Working in Human Resources

The role of the human resources (HR) wing of a business can vary widely with the size and operational style of the company. Traditionally, human resources staff have handled employee hiring and exit paperwork, benefits and other ancillary employee matters. HR personnel have also interviewed and made hiring decisions based on the policies and needs established by management.

Today these multiple roles have been divided among specialists, to some degree, especially in larger businesses. In addition, some corporations have allowed personnel departments to acquire a role in strategic business planning. In a world where personnel costs are an overwhelming portion of any business’s annual budget, management has increasingly turned to their HR personnel for advice on fiscal savings and productivity issues.

A large HR department will, of course, have a director. Other employees may include an employment and placement specialist who oversees hiring and employee separation. EEOC conformity may fall within the purview of this employee, or in a larger corporation with multiple sites EEOC may require one or more specialists dedicated to that particular federal mandate. Discrimination complaints would flow to this employee as well.

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HR may have an employee or two who act as recruiters, actively seeking to fill difficult posts and looking for entry level professionals in accordance with management desires. Recruiters for the largest firms will make a circuit of college campuses and MBA schools in search of new graduates as potential hires.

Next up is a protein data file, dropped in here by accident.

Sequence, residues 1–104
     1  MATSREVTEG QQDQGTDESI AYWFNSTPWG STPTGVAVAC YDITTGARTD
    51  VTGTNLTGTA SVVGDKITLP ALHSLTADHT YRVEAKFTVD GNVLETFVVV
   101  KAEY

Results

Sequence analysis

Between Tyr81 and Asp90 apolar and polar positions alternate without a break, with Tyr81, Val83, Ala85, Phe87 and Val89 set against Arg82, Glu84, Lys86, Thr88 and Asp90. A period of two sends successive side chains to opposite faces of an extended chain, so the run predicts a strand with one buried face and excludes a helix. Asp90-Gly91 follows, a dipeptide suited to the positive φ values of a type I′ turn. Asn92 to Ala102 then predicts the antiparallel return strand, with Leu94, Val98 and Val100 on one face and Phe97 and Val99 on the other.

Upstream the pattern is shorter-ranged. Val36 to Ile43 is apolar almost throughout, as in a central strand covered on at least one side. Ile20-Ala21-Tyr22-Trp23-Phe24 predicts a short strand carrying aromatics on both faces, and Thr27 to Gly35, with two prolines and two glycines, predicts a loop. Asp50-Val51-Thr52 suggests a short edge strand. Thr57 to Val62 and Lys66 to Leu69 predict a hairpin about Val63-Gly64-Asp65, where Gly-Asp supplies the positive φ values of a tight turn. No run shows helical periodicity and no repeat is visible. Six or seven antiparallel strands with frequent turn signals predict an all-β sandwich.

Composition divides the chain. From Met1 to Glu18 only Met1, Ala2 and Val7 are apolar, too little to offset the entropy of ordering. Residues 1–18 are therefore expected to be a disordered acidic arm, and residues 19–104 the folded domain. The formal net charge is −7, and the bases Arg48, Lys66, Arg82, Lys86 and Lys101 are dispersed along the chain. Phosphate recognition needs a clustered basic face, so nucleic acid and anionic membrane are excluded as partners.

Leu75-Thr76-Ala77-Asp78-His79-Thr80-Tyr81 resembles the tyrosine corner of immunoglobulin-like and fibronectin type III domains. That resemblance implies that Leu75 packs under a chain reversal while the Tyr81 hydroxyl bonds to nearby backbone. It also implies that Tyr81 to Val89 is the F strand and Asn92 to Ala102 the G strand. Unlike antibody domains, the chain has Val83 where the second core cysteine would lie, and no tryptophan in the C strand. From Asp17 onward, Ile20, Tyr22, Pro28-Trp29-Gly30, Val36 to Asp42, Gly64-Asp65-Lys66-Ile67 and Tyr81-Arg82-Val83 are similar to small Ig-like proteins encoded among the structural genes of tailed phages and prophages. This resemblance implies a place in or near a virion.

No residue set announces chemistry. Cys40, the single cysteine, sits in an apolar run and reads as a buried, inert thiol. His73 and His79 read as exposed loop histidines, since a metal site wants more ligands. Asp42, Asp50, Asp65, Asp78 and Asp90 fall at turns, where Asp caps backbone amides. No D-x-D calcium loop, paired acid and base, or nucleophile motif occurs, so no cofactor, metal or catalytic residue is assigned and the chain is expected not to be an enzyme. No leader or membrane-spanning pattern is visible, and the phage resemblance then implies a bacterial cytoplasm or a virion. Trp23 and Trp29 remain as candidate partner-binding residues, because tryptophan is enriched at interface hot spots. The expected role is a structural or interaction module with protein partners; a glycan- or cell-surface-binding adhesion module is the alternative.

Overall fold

Job analysts develop detailed job descriptions for the various positions within the company and design placement strategies within the corporate hierarchy. Job descriptions are critical components of the hiring process, particularly in a union shop.

Benefits specialists act as liaison officers with insurance companies, handle workman’s compensation grievances and see to benefits oversight on a case by case basis. The benefits specialist makes sure that the company is in compliance with state and federal regulations regarding benefit coverage and, in the case of union shops, that the benefits specified in the contract are being supplied.

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Training and development managers will create and supervise training programs for new hires or new job classifications. They assist department managers in developing work improvement programs: this might involve orientation sessions for new equipment or operational changes. Training management for businesses with seasonal cycles and hiring spikes can be a critical position.

Labor relations manager is a human resources job that deals with collective bargaining issues. This person has to have extensive knowledge of job skills, pay scales, pay and labor agreement trends in the industry, and an understanding of labor/management history within the company. The labor relations manager will develop information and play a critical role in advising management during the negotiation of new labor agreements.

Human resources work ranges from handling family insurance issues in a ten-man shop to oversight of contract negotiations involving the livelihood of thousands. In nearly all its iterations, human resources work requires quality insight into human behavior in the workplace and an understanding of the role as liaison between the employee as an individual and the company as institution.